Pemetrexed is a pretty good mesothelioma chemotherapy drug. But pretty good is not the same as great.
For that reason, mesothelioma researchers are constantly trying to come up with pemetrexed boosters. These are agents or mechanisms that will make pemetrexed go from good to great.
Researchers from Zagazig University in Egypt and Tokushima University in Japan think they may have seized upon just the formula for achieving that goal. In the European Journal of Pharmaceutical Sciences, the researchers reported success with a pemetrexed booster in the form of a polyethylene glycol-coated liposome.
They found that a potent cytotoxic effect was unleashed against malignant pleural mesothelioma cells when they encapsulated pemetrexed within the liposome.
Chemo Drug Hits Mesothelioma Full Strength
The liposome acts like the gel capsule of any prescription drug you would take orally. When the liposome reaches the mesothelioma cell, it breaks open and releases the pemetrexed.
The pemetrexed that emerges from the liposome capsule is full strength. What normally happens to conventionally administered pemetrexed is it loses strength as it roams through the blood stream.
It packs less punch than it could by the time it reaches the mesothelioma tumor sites. Encapsulation appears to solve that problem, according to the researchers.
The researchers cautioned that this heightened efficacy of pemetrexed has so far only been shown in the lab. They tested their polyethylene glycol-coated liposome encapsulation strategy in a murine solid mesothelioma-xenograft model, not in any actual mesothelioma patients.
So it’s possible that this might not turn out to be a silver bullet once all is said and done. But, for now, the researchers are excited about their work and the possibilities that it presents.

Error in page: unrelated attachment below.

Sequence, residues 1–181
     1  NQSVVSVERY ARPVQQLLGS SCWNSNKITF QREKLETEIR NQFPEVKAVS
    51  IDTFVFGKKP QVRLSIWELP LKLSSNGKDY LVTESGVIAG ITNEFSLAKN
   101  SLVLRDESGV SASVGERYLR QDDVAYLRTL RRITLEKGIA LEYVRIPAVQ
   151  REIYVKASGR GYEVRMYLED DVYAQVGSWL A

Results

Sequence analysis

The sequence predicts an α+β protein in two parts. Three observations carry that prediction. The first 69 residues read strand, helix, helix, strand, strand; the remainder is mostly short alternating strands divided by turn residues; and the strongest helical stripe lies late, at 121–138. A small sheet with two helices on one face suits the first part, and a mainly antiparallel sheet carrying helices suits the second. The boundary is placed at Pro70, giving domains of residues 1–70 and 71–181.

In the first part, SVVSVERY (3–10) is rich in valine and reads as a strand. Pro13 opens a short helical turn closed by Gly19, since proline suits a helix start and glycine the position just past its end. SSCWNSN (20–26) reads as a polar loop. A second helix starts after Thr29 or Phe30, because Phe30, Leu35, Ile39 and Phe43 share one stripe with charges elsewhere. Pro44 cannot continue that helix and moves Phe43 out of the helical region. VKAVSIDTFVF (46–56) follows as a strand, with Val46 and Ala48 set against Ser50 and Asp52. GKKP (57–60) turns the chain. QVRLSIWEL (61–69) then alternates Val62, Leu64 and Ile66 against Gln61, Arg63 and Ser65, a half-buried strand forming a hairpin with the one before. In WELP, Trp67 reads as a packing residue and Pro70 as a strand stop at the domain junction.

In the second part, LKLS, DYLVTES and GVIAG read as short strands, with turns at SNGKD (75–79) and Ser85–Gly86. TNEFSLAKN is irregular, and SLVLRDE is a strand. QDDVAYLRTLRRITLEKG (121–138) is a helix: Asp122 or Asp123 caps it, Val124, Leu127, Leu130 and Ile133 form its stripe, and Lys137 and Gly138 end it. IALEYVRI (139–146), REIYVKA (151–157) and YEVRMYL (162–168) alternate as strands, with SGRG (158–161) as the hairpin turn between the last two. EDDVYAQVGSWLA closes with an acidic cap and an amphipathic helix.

“Our results clearly emphasize the therapeutic efficacy of liposomal pemetrexed over free pemetrexed in conquering aggressive solid tumors such as malignant mesothelioma,” they wrote.
Various Mesothelioma Chemo Release Speeds Tested
A liposome has one big commonality with a mesothelioma cell membrane. Like the mesothelioma cell membrane, the liposome is cast from the same fatty materials.
In fact, that’s what the name “liposome” means — “fat body.” The word “lipos” in Greek means fat and “soma” means body.
In English, when you hear “fat” you think of “big.” A liposome is the opposite of big. It’s miniscule. It’s also round and hollow.
As a result of this hollowness, you can stuff molecules into a liposome. For example, you can stuff it with molecules of pemetrexed, as did the researchers.
There are different types of liposomes. Each type can be broken open to release whatever is inside. However, each type has a different speed at which it releases its contents.
The researchers tinkered with a number of different release speeds by manipulating their liposome’s membrane fluidity. They achieved this by incorporating either a solid-phase or a fluid-phase membrane overlay.
In the course of their experimentation, the researchers took a look at various aspects of liposomal encapsulation of pemetrexed. These aspects included pharmacokinetics, bio-distribution and in vivo anti-tumor efficacy.
The researchers observed that their encapsulation method produced longer-lasting plasma pharmacokinetics.
In lab testing at least, the pemetrexed encapsulated in a fast-release modified liposome “produced superior tumor growth suppression” than was seen with pemetrexed in a slow-release liposome.